Is there more to Warren's pantsuit uniform than meets the eye?

By Sam Reed
Updated Jun 28, 2019 @ 6:15 pm
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Meghan Markle and Elizabeth Warren may seem like sartorial opposites (Warren favors a uniform of trousers and jackets, while Meghan keeps us on our toes, juggling ball gowns, power suits, and the occasional fancy English hat), however, a bit of research seems to prove that the two have a similar strategy when it comes to the brands they choose to support.

The Massachusetts senator has favored jackets by Nina McLemore for years now, and there may be more to her brand loyalty than just her affinity for the designer's Skittles color palette and tailored jackets. New York-based McLemore, who has also outfitted Hillary Clinton and Billie Jean King, supports several non-profits that focus on women, children, education, health and the arts — causes Warren has also championed on the campaign trail. "I believe strongly that we have a responsibility to help support non-profits in our community, and we encourage our representatives to do so as well," wrote the designer on her website.

Meghan, too, has used her platform as an actress-turned-duchess to promote brands that do more than just make pretty clothing. During her tour of Australia last year, for example, she wore several eco-friendly labels that promote sustainability in their business model and beyond — knowing full well that her every look would be reported, down to the daintiest accessory, and the mission of each brand would get that sweet, sweet publicity.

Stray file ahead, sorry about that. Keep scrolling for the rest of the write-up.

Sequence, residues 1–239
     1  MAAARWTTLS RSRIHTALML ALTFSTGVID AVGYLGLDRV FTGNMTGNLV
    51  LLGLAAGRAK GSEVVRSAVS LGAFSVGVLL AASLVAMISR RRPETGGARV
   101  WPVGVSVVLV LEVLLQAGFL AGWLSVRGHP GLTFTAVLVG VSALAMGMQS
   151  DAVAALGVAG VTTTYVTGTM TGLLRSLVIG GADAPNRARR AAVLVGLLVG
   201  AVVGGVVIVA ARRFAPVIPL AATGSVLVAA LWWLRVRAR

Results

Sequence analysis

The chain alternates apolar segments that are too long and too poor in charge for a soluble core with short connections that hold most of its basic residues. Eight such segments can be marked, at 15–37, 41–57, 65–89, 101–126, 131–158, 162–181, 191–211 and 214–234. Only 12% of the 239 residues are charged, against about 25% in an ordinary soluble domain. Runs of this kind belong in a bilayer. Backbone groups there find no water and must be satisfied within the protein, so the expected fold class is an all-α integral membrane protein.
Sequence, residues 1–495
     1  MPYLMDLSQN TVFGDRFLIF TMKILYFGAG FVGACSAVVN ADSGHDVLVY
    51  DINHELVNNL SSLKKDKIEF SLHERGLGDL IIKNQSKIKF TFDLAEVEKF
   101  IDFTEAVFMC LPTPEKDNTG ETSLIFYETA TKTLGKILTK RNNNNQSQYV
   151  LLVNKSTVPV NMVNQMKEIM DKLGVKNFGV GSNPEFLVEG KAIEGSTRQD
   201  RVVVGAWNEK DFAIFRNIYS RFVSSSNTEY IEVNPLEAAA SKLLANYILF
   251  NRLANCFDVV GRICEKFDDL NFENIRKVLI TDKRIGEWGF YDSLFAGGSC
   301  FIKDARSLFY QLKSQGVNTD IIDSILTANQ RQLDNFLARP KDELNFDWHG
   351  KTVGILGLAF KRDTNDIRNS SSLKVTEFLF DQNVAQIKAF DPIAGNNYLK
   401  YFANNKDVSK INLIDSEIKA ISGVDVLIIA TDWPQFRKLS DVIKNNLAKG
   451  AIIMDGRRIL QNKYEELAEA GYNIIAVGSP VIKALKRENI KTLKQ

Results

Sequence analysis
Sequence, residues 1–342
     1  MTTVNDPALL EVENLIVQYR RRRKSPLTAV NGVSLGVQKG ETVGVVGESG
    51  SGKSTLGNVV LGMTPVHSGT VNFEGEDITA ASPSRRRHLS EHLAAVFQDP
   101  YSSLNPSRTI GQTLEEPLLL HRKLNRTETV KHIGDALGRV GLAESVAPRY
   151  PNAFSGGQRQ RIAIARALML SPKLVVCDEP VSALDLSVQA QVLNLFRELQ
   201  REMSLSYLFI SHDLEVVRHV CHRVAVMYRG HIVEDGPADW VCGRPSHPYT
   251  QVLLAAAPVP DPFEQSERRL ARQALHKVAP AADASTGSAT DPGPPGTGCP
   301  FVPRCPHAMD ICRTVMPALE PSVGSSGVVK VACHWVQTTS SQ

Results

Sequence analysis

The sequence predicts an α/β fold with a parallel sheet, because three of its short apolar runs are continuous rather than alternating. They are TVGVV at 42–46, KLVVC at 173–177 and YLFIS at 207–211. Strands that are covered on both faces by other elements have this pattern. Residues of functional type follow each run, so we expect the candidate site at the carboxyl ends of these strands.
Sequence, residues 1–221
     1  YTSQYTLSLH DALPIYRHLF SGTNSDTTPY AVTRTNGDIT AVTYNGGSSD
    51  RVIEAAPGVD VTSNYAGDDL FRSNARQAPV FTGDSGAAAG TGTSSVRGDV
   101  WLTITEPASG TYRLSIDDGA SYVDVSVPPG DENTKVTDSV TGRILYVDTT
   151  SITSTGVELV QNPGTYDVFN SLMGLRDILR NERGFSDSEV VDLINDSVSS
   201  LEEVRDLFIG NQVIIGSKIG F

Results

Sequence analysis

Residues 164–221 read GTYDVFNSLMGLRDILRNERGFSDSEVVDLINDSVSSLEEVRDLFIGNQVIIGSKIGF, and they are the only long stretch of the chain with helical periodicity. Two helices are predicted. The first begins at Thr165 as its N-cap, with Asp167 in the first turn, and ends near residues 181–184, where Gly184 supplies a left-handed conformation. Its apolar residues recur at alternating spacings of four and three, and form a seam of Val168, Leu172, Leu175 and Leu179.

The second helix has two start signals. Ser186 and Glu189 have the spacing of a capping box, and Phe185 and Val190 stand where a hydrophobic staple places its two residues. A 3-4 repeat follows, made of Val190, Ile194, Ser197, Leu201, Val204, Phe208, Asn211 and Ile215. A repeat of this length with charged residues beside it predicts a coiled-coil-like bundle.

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At Wednesday evening's Democratic primary debate — the first major event of the 2020 presidential race — Warren stepped out in one of McLemore's signature blazers. "A jacket with a standup collar — it gives you more confidence, it makes you look more confident," the designer said during a 2016 interview on CNN. "It gives you sort of a little bit more edge on style and power."

She added, "Color [and] simple lines are really what’s most important for women."

Credit: Joe Raedle/Getty Images

The most obvious interpretation of the ultraviolet hue of Warren's is one of political unity, a coming together of the left and the right, the blue and the red. The concept, as noted by WWD's Booth Moore, is one that might feel familiar to those who watched Hillary Clinton deliver her concession speech in 2016 in a purple pantsuit.

However, as Vanessa Friedman of the New York Times observed, though Warren rarely veers from her uniform, she's not afraid to change things up color-wise, and her palette consists of, well, the entire rainbow. If the hue comes in a standard 10-pack box of Crayola Crayons, she's probably worn it — no muted pastel pink or delicate eggshell here.

On the color front, perhaps Warren is taking a cue from another royal — the Queen of England herself. Elizabeth (HRH, not Warren), is known for wearing bold colors literally head-to-toe, which has often been attributed to her wish to stand out in a crowd so that her subjects can easily spot her from afar. It would make sense for Warren, too, to adopt the strategy, especially when she's on the ground campaigning.

The latest polls have Warren trailing behind Joe Biden, and though we're not one to take polls too seriously, chances are probably high that we'll be seeing plenty of Warren and her technicolor wardrobe over the next several months.